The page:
Wednesday, 1 August 2018
The Doors - The Singles
(This review first appeared in issue #72 of Shindig! magazine.)
It's difficult to think of an American band from rock's late '60s salad days that so divides sentiment. For every person that holds them in high esteem, there's another that will decry the band as overrated, at times pretentious, indulgent and overblown. Even among their West Coast contemporaries were musicians that refused to open up to The Doors. Former Byrd David Crosby to this day doesn't have a kind word to say about them, as anyone who follows his Twitter feed will know. His main gripes being that as a band they “didn't swing”, and that Jim Morrison was a bit of a bozo.
Whether you agree with Crosby or not there's no denying that among the band's back catalogue contains a body of work that has stood the test of time and gained new fans from successive generations. And listening to this value for money 44-song collection, the accusations of being overblown are easily laid to rest. Their reputation has long been that of an “albums band”, or one best experienced live where they had the freedom to improvise and give in to their jazz-rock/free-form leanings. But from the evidence here they could also turn in concise, memorable tracks that fitted nicely onto a 7” pieces of plastic, had catchy choruses and sounded good on the radio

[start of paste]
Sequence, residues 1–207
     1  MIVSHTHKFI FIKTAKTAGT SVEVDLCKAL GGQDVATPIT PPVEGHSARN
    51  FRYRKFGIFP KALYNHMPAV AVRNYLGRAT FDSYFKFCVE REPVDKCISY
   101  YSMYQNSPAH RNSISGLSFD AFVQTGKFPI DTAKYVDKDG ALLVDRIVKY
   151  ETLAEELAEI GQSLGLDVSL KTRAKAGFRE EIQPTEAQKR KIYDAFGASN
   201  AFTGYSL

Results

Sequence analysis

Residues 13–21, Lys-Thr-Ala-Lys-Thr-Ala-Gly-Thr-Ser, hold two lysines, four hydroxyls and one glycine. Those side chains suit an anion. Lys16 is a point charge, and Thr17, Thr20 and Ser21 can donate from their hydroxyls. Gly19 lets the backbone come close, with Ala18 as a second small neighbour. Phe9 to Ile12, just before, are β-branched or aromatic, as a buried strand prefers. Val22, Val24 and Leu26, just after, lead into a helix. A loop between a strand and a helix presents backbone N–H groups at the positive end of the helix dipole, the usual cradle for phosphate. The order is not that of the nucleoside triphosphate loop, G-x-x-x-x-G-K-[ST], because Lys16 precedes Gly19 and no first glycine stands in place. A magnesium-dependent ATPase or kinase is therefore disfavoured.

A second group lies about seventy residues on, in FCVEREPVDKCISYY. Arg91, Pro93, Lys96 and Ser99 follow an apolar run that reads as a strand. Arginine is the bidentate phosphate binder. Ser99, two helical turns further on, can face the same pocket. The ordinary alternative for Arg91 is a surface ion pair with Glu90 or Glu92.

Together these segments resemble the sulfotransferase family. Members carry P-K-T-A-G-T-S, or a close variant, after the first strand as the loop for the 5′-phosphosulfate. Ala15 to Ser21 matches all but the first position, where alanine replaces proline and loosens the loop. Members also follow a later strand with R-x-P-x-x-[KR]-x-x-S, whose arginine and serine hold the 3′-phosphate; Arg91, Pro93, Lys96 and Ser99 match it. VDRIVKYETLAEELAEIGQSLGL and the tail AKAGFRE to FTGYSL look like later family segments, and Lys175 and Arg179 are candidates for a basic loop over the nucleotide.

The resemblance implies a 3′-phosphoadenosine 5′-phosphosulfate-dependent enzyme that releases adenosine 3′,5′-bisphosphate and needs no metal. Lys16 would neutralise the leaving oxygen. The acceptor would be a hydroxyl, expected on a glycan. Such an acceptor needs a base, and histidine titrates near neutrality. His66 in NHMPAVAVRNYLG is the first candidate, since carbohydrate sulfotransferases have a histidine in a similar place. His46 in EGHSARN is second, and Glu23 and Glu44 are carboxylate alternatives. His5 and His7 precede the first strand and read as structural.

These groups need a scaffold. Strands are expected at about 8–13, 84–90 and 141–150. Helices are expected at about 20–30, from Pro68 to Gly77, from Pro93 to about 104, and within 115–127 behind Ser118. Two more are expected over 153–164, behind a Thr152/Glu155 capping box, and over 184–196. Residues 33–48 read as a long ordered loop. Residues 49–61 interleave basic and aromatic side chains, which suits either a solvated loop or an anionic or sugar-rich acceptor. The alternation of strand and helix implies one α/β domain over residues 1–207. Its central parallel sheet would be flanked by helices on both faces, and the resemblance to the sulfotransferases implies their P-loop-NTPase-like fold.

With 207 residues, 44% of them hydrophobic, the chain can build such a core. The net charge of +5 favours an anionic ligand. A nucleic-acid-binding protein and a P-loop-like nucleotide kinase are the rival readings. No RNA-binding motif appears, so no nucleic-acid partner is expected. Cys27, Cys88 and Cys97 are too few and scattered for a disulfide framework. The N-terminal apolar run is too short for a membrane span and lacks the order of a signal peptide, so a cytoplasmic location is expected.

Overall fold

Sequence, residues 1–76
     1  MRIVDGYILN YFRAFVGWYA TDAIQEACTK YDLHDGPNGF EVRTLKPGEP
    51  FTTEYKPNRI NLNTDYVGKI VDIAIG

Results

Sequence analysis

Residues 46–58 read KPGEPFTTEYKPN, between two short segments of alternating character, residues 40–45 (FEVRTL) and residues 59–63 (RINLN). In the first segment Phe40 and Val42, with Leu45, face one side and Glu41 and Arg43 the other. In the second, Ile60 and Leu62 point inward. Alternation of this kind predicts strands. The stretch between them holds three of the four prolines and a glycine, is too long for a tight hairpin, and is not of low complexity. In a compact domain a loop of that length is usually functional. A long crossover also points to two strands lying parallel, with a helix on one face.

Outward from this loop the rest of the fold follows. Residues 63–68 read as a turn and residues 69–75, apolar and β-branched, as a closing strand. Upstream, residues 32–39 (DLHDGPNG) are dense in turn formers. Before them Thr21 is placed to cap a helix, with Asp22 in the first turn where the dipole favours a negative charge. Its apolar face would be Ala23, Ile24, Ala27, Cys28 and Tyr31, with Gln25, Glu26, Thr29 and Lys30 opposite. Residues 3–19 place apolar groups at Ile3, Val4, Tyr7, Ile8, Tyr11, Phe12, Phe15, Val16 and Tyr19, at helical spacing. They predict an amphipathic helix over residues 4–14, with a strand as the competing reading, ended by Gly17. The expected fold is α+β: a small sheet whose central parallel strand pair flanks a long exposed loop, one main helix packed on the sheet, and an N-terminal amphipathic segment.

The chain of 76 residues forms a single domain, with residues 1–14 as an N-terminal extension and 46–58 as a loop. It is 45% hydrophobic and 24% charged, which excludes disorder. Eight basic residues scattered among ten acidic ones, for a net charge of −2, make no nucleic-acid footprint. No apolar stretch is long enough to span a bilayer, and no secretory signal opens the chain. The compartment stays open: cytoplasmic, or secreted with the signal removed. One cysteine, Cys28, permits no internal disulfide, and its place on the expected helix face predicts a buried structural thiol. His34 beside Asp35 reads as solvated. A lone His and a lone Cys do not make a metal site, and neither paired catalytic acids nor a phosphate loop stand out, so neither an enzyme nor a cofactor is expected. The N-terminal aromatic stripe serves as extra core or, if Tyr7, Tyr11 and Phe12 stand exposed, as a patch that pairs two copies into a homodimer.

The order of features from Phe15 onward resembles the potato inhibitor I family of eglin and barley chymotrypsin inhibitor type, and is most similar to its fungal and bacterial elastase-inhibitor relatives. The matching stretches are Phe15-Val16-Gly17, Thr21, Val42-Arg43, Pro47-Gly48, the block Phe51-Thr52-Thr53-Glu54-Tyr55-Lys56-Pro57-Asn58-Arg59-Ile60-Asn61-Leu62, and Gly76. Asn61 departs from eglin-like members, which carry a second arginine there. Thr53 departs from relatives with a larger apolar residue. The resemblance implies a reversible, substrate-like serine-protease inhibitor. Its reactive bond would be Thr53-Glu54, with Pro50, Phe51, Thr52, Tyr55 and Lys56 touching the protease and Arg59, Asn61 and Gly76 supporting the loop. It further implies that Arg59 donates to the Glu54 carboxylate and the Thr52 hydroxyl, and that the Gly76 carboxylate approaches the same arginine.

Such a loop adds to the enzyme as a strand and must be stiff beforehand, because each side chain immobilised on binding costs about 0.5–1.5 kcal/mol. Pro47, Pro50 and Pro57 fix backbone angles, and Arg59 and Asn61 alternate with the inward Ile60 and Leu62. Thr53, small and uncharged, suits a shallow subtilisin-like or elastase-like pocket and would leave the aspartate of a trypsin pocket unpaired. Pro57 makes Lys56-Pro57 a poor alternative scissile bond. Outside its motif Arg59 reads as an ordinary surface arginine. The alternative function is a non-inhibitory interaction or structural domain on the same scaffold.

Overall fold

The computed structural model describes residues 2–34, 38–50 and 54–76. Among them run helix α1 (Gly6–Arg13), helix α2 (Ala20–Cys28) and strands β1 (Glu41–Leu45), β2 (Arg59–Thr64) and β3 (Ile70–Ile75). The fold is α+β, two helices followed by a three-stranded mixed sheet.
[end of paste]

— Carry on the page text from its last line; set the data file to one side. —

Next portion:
All the tracks have been remastered, with killer A-sides 'Break On Through', 'Light My Fire, 'Hello I Love You' and 'Touch Me' all sounding as fresh as they would have done when the LA quartet first committed them to tape. This collection's other USP is the inclusion of all B-sides including those from their posthumous releases right the way up to the 1983 release of 'Gloria'/'Moonlight Drive (Live)', along with four tracks in in mono radio versions. The only omission is of ' Not To Touch The Earth, the flip-side of the 1980 reissue of 'People Are Strange', but given the other riches I guess we can live without that.
If your vinyl copies are wearing a little thin this could be just the compilation to have on your Christmas list. Unless you're David Crosby that is.